Is Your Journey Really Necessary?
The Dangers of Flying

Vernon Coleman

Airlines claim that the statistics show that air travel is one of the safest ways to move around.

If you only consider the risk of crashing then flying is pretty safe - statistically speaking.

(If you are in a plane which doesn't crash then flying is very safe. Of course, the corollary is also true: if you are in a plane which crashes then flying is very dangerous indeed.)

But falling out of the sky isn't the only way that aeroplanes can damage your health. And the airlines only count the people who die or fall seriously ill while in their aeroplanes. They don't count the travellers who fall ill after they have left the airport.

There is, for example, the risk of developing a deep vein thrombosis. This is not a newly discovered hazard. I have written about this many times over the last twenty years. All that has happened recently is that a few journalists have discovered the problem and made it fashionable.

Deep vein thromboses are commoner in economy class simply because the seats there are so close together that it is difficult to move one's legs.

The risk of deep vein thrombosis (DVT) is greater in passengers travelling in economy class, who are crammed into seats that would be a tight fit for an anorexic twelve-year-old. To reduce the risk try clenching your calf muscles at regular intervals to stimulate blood circulation. Don't cross your legs. Walk about frequently. Also, wriggle your feet and massage your lower legs and ankles. Avoid socks and knee-high stockings with tight elastic. And make sure that you drink plenty of water. Avoid caffeine and alcoholic drinks as these can dehydrate the body.

Next there is the problem that the air on aeroplanes is a lending library of germs. In my book Superbody I discussed the risks created by the fact that many airlines constantly recirculate dirty air. I confess I found this evidence so alarming that although I used to fly a couple of times every month it is now nearly ten years since I've been on an aeroplane. I would be extremely reluctant to fly again.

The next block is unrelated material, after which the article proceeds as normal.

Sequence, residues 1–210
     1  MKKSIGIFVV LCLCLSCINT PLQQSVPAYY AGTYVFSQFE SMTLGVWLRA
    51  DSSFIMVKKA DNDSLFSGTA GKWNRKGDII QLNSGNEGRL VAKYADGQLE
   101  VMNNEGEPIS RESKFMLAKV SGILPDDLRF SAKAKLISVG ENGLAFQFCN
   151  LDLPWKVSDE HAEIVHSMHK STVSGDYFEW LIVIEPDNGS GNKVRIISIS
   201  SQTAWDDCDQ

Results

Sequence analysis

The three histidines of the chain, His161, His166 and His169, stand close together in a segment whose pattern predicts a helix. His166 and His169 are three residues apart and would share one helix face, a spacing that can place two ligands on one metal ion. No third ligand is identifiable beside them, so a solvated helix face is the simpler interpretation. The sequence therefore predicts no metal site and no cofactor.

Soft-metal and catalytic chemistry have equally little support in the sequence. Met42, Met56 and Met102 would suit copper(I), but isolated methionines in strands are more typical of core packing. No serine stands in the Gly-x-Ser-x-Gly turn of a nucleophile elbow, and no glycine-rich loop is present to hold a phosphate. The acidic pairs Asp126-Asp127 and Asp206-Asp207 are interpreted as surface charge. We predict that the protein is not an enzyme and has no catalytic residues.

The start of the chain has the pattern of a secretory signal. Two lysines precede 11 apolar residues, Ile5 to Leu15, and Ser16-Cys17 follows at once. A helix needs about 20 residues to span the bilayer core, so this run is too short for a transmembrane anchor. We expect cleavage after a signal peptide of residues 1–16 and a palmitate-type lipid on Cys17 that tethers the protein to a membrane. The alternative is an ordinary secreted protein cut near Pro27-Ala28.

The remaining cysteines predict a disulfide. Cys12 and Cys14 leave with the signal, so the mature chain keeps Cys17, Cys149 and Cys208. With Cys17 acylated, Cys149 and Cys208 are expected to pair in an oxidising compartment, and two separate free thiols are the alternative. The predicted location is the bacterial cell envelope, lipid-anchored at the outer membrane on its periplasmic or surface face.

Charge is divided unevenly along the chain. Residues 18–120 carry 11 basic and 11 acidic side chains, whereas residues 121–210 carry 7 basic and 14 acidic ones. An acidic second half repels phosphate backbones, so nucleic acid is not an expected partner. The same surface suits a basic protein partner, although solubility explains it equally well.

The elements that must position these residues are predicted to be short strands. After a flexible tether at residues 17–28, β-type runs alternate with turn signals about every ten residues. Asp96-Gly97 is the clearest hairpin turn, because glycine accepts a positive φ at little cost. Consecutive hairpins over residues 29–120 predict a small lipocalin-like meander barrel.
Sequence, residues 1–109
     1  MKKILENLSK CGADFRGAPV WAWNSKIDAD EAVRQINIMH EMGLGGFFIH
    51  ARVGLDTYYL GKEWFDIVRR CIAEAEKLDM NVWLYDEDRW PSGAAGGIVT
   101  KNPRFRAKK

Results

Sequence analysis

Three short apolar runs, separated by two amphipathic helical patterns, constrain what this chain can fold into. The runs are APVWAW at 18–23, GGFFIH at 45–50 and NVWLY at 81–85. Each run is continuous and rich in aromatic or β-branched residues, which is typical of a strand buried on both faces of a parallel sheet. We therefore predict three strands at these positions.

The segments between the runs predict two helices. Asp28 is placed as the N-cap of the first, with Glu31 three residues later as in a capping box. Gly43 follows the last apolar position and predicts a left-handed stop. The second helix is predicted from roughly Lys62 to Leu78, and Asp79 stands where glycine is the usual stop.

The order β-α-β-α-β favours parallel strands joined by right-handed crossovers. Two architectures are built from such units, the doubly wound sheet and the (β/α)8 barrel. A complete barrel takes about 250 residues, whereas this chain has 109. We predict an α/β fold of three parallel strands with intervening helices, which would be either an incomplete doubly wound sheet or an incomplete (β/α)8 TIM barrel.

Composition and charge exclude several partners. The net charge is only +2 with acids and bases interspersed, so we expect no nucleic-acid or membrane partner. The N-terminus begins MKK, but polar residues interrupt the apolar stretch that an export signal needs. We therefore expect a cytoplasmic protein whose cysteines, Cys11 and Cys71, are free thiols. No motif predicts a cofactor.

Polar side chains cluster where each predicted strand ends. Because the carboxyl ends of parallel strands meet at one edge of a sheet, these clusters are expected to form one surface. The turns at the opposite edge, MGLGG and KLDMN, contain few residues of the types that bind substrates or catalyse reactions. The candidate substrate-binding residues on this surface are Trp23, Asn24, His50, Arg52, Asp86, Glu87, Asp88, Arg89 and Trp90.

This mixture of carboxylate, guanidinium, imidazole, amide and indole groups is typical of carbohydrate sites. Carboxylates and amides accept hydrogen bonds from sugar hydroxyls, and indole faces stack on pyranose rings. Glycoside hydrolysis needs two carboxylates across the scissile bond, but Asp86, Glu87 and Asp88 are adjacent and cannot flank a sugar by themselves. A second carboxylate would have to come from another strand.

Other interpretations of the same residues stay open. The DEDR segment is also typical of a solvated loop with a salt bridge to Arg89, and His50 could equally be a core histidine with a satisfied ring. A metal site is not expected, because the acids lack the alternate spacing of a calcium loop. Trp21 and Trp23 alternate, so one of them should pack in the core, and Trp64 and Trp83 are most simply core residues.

I realise that there are risks with all forms of transport but airlines are so dishonest and so uncaring of the welfare of their customers that I simply don't trust them. The air is polluted, the food is inedible, the delays inexplicable and incomprehensible, the overcrowding uncomfortable and the staff invariably rude and unhelpful.

Airports are even worse.

Here are some more health hazards associated with flying:

1.The easiest way to get tuberculosis is to board an aeroplane and simply breathe in the recycled air. Other bugs are commonly redistributed among the passengers. If there is anyone on board with a cold or flu there's a chance that you'll get it too. Passengers have caught multi drug-resistant tuberculosis (the most difficult type to treat - and therefore the most dangerous) while on a flight. At least 179 people are now known to have caught tuberculosis (and other potentially fatal diseases) while travelling on aeroplanes. The figure of 179 is almost certainly merely the tip of a very large iceberg.

How many air travellers develop infections which they do not realise they caught while flying? How often do doctors ask a patient with TB (or some other infectious disease) whether they have been in an aeroplane recently?

The most worrying aspect of all this is you don't need to sit close to an infected passenger to catch a disease. Healthy passengers have caught TB from another passenger sitting more than a dozen rows away. The problem is that all passengers breathe in contaminated air circulated within the aeroplane's air conditioning system.